With scarce resources and limited time Mana needed a name candidate. I think that’s why Te Hamua edged out Leon Hawera. Although Leon offered a better political mind (apparently), Te Hamua offered name recognition and street appeal.
Low turnout out will work against Mana, Bomber’s right to argue that it’s a race for second place. To win the momentum Mana needs to supplant and be seen to supplant the Maori Party as the independent Maori voice.
Te Hamua needs play off of his street appeal (the “Haati Naati” stuff). If he can do that effectively turnout will increase (I assume) and so too the chances of snatching second place. For his sake I hope he backs off any talk of marijuana.
The Maori Party
Na Raihania carries himself well, but that’s not enough to win. He was gracious and able in 2011, but the structure of the electorate hasn’t change - overwhelmingly Labour.
The Maori Party is running to win. The party needs to build momentum off of their budget wins and the byelection is the platform to do so. The problem, though, is that the party’s narratives are vulnerable. The ‘at the table’ argument is easily undermined against the ‘under the table’ narrative. In other words, the party can point to their wins, like $34m in new funding in budget 2013, but that is nullified against the context, $34m represents less than 4% of new funding in budget 2013.
Add to that inferior branch operations (in comparison to Labour at least) and the mana and affection Parekura had earnt (that will mostly flow to the Labour candidate) and the Maori Party seems better off going for silver.
The Greens are serious about the Maori vote. Good. Standing demonstrates that their commitment to kaupapa Maori is more than rhetorical.
I wouldn’t have a clue who they have in mind, Manu Caddie is happy in local government,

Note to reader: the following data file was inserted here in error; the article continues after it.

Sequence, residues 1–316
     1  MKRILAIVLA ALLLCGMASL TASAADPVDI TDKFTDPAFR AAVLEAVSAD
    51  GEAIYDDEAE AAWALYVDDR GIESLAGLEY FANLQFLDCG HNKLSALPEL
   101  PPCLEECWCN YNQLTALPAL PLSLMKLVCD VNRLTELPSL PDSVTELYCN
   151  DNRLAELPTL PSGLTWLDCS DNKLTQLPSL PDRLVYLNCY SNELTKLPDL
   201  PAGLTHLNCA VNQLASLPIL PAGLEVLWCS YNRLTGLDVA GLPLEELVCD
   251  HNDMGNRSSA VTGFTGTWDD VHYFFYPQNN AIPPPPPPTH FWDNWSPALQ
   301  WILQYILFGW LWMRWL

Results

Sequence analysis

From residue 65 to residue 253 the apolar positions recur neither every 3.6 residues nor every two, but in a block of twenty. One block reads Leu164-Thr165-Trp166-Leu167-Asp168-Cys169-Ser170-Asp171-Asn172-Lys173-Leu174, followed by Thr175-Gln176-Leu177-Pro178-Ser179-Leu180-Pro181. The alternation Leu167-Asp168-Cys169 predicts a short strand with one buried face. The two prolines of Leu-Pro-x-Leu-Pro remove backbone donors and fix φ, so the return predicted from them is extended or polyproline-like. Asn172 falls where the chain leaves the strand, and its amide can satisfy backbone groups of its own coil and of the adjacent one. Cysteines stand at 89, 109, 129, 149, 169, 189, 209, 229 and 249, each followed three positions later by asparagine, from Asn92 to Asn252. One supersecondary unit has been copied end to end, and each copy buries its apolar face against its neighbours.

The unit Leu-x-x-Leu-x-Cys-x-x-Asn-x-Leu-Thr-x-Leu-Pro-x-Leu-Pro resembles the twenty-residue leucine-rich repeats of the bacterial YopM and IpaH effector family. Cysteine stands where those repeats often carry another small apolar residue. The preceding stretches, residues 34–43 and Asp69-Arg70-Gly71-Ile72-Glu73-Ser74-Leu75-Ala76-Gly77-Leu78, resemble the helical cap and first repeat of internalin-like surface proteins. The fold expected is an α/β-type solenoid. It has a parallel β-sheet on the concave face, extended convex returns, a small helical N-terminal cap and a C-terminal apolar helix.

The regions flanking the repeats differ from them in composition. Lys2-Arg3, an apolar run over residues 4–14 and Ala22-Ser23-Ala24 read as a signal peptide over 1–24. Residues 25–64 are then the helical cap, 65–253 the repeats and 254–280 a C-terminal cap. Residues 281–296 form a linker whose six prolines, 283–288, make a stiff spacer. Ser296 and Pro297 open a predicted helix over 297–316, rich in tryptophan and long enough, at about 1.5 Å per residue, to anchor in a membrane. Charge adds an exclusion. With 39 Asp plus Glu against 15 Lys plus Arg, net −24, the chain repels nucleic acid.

The Greens role in the byelection will be, I think, to keep Labour honest. In the race for second place (i.e. between Mana and the Maori Party) there is a chance that Labour will gallop through the middle of a clear field. That’s not healthy and that’s where the Greens will be most important.
The byelection will be won or lost in the selection hui. Four candidates have stepped forward: Hayden Hape, Henare O’Keefe, Meka Whaitiri and Shane Taurima. All four are capable of winning the seat. The smart money is on Meka and Shane.
Hayden Hape is capable, but the indications are that he isn’t ready and lacks the recognition that the other three enjoy.
Henare O’Keefe is a legend. With local government experience (as a Hastings District Councillor) and a deep commitment to Maori (he’s fostered hundreds of kids over two decades), Henare is hard to bet against. However, without networks in the party he can’t and won't win selection. Winning selection is mostly about political manoeuvring, the strength of your CV is secondary.
Shane Taurima suffers from the same problem: a lack of networks in the party. The difference between Shane and Henare, though, is that Shane knows how to play the selection and is being well advised. He has leveraged off of the media and is signing up new members too. Aside from running a smooth operation, Shane's communication skills and wide whakapapa connections are his biggest assets.
Meka offers wide whakapapa connections as well, although her central strength is her iwi experience. Arguably an ideal candidate for post-settlement Maori society. Meka is signing up new members and is well advised too. Shane is a favourite, but Meka is more of a favourite (if that makes sense). She is a better sell on the ground and Shane - whether justified or not - is perceived to be a candidate that the Labour leadership is attempting to parachute into the electorate. That perception might be fatal if Shane is selected.
Lastly, if you want to be the first to find out who the winning Labour candidate is you can sign up here.
This is a dry run for the Maori seats in 2014. An upset win is possible, but falls well short of being probable. Labour can win by default. The mana and affection that Parekura had earnt will fall to the Labour candidate. High turnout and the introduction of a strong Green candidate could fracture Labour’s vote and push their winning margin to the edge. Possible, but not probable.
*Turns out I was wrong on that one. See the comments.